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Building relationships and memories with Kim Williams

Building relationships and memories with Kim Williams

Kim Williams, the editor of community and lifestyle magazine, Local Life, writes about the positive side of lockdown.

COVID-19 brings with it loss, but also the chance to build new relationships and memories.

Since making Scotland my home, some 20-odd years ago, I have found the Scots to be an independent, life-loving bunch. Yet it’s been difficult to watch my family, friends, and colleagues wrestle with the fear that has come with the rapid spread of COVID-19. Nearly two months after the Prime Minister announced the country was to enter lock-down, many of us are still struggling to understand how this pandemic will affect us and our loved ones, our communities, the country, and the world at large.

As a working-mum of two teenage boys who both ride, we pretty much had our lives mapped out for the summer of 2020, before COVID-19 became the biggest story in recent memory. After a successful eventing season in 2019, my eldest son decided to hang up his riding boots and concentrate on his final year of school which meant the heart-breaking decision to sell his horse, who is far too good to sit in a field and not compete. Which of course would mean free weekends as not every weekend would be spent driving around the country to compete at various BE competitions. Time, therefore, to spend with my youngest son, who wanted to step up a notch and starting competing at various pony club one-day events.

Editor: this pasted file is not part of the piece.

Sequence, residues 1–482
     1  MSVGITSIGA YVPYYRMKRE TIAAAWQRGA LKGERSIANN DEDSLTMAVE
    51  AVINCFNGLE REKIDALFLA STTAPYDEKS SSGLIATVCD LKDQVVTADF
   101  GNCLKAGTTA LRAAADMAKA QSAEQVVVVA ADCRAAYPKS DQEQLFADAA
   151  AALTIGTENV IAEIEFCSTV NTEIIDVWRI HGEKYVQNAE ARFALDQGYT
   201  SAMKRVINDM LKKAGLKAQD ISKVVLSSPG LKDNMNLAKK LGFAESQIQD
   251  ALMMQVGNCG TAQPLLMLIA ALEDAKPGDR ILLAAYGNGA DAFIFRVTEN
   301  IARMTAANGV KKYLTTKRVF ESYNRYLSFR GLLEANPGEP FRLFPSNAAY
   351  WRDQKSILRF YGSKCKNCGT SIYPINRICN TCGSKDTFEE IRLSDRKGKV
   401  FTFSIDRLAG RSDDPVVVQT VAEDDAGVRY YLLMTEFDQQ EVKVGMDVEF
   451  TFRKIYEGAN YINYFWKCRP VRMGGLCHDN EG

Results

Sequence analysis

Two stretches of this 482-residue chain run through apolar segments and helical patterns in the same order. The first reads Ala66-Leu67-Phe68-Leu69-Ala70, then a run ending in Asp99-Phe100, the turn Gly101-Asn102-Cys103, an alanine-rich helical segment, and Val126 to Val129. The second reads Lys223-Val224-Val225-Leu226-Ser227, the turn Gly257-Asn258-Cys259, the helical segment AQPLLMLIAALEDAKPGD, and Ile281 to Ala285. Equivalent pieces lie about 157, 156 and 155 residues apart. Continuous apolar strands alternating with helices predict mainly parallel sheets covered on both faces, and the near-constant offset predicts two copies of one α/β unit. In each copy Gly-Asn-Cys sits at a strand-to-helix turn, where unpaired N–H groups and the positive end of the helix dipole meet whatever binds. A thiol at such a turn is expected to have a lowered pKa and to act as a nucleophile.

However, it very soon became apparent that our plans would be out of step with the times. We watched as schools closed, exams were cancelled, people were asked to stand two metres apart from one another, workplaces and shops shut their doors, British Eventing, quickly followed by The Pony Club, cancelled all events for the foreseeable future. We watched as our summer’s plans fell by the wayside – this year’s primary and secondary school leavers would not leave as they had planned, they simply stopped going to school. Those young riders who had qualified for British Eventing or Show Jumping finals would not get their moment of glory. Those who were in the process of buying or selling horses were halted. There would be no pony club competitions, events, rallies or camps.  There were even questions asked about whether we would be able to continue to ride.

Over the following weeks we found we had to deal with loss – the loss of the way we once lived.  We need to re-plan, readjust and grieve for the summer and competitions which were not to be. But owning horses is a great leveller, a constant. And without really realising it, we stumbled into a routine.  With more time on our hands, we had time to just be with our horses – care for them, ride them and re-experience the joy of simply being around our equine friends. My youngest son and I now ride every morning before breakfast and before our days of working and schooling from home begin.  Without school-runs, commuting, weekends spent competing, we’re no longer in a constant rush.  We cycle to the stables in the evening, to bring the horses in, and we spend time with them, rather than hurriedly throwing on stable rugs and tossing buckets of feeds in their stables, before racing  home. I am loving watching my sons’ bond with their horses in a new way, sitting in the stable, chatting to them, just simply being around their best friends.

So, in years to come when I’m asked what the year 2020 was like, how did we cope with the biggest story in recent memory? I’ll remember it as summer of acceptance, of sunny morning hacks, of special relationships built between both horse and rider. I’ll remember it as a summer of joy.

Kim Williams, editor of Local Life

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